Hand, foot and mouth disease (HFMD) is a common acute infectious disease that is mainly caused by enteroviruses. In China, the major causative pathogens are Enterovirus
71 (EV71), Coxsackievirus
A16 (CA16), and Coxsackievirus
A6 (CA6) [1
]. Transmission can occur through direct contact with nose and throat discharges, saliva, and blister fluid, as well as the stools of infected persons. Children under 10 years old, especially children younger than 5 years old, are the most susceptible population. The symptoms of HFMD are usually mild and self-limiting, but severe complications may occasionally occur, which can lead to fatal neurological, cardiovascular, and respiratory problems [3
Outbreaks of HFMD occur worldwide, but these are more frequent in Asian countries [5
]. In 2007, HFMD became a serious public health issue in China [6
]. Later, in March 2008, a HFMD outbreak occurred in mainland China, resulting in a series of severe and fatal cases across multiple provinces, thereby raising serious health concerns nationwide. In response, the Chinese Ministry of Health designated HFMD as a nationally notifiable disease and placed it under standard management. A total of 13.83 million cases have been officially reported in mainland China from 2008 to December 2015 [7
]. Equally striking, Guangdong, a southern province with a typical subtropical climate, is an ideal breeding ground for enteroviruses and accounted for 12.75% of all reported HFMD cases [8
Until now, no effective chemoprophylaxis is available for HFMD. A vaccine for EV 71 has been recently developed, but has not been widely utilized [9
]. Moreover, there is no multivalent vaccine against EV71, Cox A16, Cox A6, and other enterovirus types [10
]. Public health prevention measures are still the most practical and effective means of reducing transmission [11
]. In this circumstance, prevention focuses on underlying risk factors, and public health intervention continues to play an imperative role. Some studies have focused on certain aspects of HFMD risk factors. Ruan et al.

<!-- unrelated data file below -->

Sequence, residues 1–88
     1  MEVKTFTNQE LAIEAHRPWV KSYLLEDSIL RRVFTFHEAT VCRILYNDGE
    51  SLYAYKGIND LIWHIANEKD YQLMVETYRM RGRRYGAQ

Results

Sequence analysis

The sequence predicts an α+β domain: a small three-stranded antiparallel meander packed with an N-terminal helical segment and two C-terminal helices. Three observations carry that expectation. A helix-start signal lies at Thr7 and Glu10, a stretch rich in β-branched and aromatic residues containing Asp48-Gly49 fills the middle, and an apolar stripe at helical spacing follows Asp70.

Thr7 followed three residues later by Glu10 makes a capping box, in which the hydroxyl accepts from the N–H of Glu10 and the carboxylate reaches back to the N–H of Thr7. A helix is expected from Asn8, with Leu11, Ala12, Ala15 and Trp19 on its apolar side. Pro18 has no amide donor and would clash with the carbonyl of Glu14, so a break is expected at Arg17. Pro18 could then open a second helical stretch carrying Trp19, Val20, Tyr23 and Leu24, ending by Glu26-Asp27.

] mainly focus on behavior factors and concluded that hand-washing had a significant protective effect, while Lin et al.
] indicated that exclusive breast feeding is a protective factor against the infection. Xie et al.
] analyzed the importance of public playgrounds in the transmission of HFMD, and Deng et al.
] explored environmental risk factors of HFMD. However, most of these studies only focus on some expects of potential risk factors of HFMD. Behavior factors including cold food consumption, habits of using pacifier and airing out bedding, and clinical factors like birth conditions were not mentioned in previous studies. Therefore we conducted this study to analyze the HFMD cases in Guangdong, to fully examine the risk factors of HFMD. The study finding may have implications for further research and public health intervention.
HFMD caused by enteroviruses continues to be a threat among Asian children [18
]. As no universal vaccine is available for enteroviruses and there is a lack of effective chemoprophylactic treatment against HFMD, identification and prevention of underlying risk factors is still the key to reduce its transmission. Our findings suggested that hand-washing before meals is related with a significant reduction of HFDM risk. This protective association of hand-washing and HFMD is not surprising. Enteroviruses are transmitted predominantly via the fecal-oral route, and contacts with contaminated saliva, vesicular fluids, and fomites, while contaminated hands play an important role in this process [19